Carmen DeSousa: I had to stop writing when I broke down over a character dying, and I’m the psycho who killed him.
When I sit down to write a novel, I generally have no idea where I’m going. My typical start of a story is usually the main character—whether it’s the male protagonist or the female protagonist—and whatever issue they are facing.
From there, I just ask myself questions:
The great thing is, just like the reader, I never know exactly what my characters will do. Sure, I know I want a happily ever after, but I also know that not every character will get a happily ever after. And the detours they make along the way sometimes even surprise me. Why? Because I allow my story to progress naturally.
I typically write two thousand words a day, and then every night I read the last few chapters to make sure the story flows, marking any areas that need addressing, and then go to sleep, allowing the characters to come alive in my dreams. And ohhh how they do. It’s not unusual for hubby to see me typing on my iPhone’s notepad in the middle of the night. Often it’ll just be a great line or a missing link I was in search of.
When I finally finish the novel, I take an entire day and read from beginning to end, making sure the story flows and that there are no holes or contradictions.
I’ve read this story almost thirty times at this juncture. How can it surprise me, how can it make me cry? And yet, here I am, sitting on the sofa, my afghan curled around me, and I’m bawling over something that happened.
Hubby, who has been sitting quietly by his computer—because he knows it’s read-through day—whips his chair around to face me and asks, “Are you okay?”
I swipe away my tears and answer, “Yes, I just can’t believe that happened.”
“Wait. I thought you were reading your book?” he asks.
“I am,” I answer. “But it still makes me cry.”
He shakes his head and goes back to typing his nonfiction.
One of my favorite quotes is by Robert Frost: “No tears in the writer, no tears in the reader. No surprise in the writer, no surprise in the reader.”
Well, I’m always surprised, and I always cry when something happens to my characters, so I hope when you read my books you will, too!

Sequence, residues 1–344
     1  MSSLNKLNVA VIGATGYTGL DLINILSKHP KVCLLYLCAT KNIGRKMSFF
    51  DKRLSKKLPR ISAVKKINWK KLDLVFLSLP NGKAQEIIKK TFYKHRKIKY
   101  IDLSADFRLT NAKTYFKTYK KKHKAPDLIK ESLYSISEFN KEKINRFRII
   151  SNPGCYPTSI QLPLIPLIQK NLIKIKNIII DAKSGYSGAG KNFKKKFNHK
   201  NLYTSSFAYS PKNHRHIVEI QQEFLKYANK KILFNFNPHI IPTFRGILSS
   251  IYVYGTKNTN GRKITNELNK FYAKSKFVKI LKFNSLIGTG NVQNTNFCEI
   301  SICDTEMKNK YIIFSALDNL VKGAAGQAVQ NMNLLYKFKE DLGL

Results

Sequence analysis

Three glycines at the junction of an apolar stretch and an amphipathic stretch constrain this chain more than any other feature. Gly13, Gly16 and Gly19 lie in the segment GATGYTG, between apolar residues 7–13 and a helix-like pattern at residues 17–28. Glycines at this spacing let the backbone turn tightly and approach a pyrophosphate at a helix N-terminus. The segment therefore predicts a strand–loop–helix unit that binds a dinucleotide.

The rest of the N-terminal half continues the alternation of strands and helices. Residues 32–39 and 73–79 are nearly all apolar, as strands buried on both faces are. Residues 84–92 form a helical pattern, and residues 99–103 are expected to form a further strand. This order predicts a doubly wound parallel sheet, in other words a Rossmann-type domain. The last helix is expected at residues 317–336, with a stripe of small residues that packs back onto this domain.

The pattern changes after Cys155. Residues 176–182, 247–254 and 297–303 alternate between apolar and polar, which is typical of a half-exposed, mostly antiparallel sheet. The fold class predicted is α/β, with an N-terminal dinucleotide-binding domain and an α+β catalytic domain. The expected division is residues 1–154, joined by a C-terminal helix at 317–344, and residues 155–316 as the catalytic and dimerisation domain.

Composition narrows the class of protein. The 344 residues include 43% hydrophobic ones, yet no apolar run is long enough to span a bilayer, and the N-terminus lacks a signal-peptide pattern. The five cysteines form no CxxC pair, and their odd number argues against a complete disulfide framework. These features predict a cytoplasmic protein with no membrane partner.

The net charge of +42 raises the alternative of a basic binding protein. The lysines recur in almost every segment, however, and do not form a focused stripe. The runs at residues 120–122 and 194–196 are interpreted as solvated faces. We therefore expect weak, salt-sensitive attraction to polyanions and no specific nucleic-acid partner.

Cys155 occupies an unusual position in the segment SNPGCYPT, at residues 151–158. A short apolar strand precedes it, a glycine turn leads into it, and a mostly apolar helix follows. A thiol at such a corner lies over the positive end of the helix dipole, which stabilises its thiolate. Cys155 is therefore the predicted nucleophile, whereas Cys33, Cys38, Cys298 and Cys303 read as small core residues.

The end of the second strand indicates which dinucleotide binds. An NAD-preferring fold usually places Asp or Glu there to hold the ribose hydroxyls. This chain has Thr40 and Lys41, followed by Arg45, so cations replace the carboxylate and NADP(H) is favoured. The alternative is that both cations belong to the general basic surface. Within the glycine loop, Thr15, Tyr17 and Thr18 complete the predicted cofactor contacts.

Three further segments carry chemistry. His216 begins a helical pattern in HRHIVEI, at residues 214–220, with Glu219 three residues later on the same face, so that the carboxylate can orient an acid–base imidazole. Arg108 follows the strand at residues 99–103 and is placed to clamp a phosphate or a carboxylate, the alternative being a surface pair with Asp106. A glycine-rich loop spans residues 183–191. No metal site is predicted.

If you enjoy stories that blend happy and sad, romantic and suspenseful, click the link for your favorite retailer below and grab one of my free books. If you’ve read all my books, make sure you pre-order my new release, Erik’s Revelation, at the $0.99 introductory price, so you’ll know why I was crying!
Until next time, happy reading!
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Fans have asked dozens of questions about the ghost who took over The House on Persimmon Road with her witty and old-fashioned ways. So Jackie decided to drop in, not as a writer, but as a guest to have a chat with Lottie.
If you've already read this Southern-Style Chick Lit with just a Smidgen of Romance and a Hint of Paranormal, continue to the interview now!
Wearing an apron, the bib straight-pinned to her cotton house dress, Lottie welcomed me into the house with a pleasant expression. The grand hall seemed larger than I recalled. The old floors gleamed, the walls painted a rich cream. I asked what changes Tucker and Justine had made. Lottie opened a door on the south wall. "This was my linen room. Now it's an indoor bathroom. Can't even hang my herbs to dry in season. Used to have lavender, mint, sage, marigold and such..."
The dining room was still converted into an office. I glanced in as we passed the open door. The room was modernized with state of the art computers and all sorts of electronic gadgets. In the kitchen the old farm sink was filled with green tomatoes. A hand-turned grinder stood on the counter along with dozens of canning jars, a gallon of vinegar and a bowl of salt. Lottie poured me a huge glass of sweetened iced tea. "You can sit, but I got to keep at it. I'm canning pickle relish."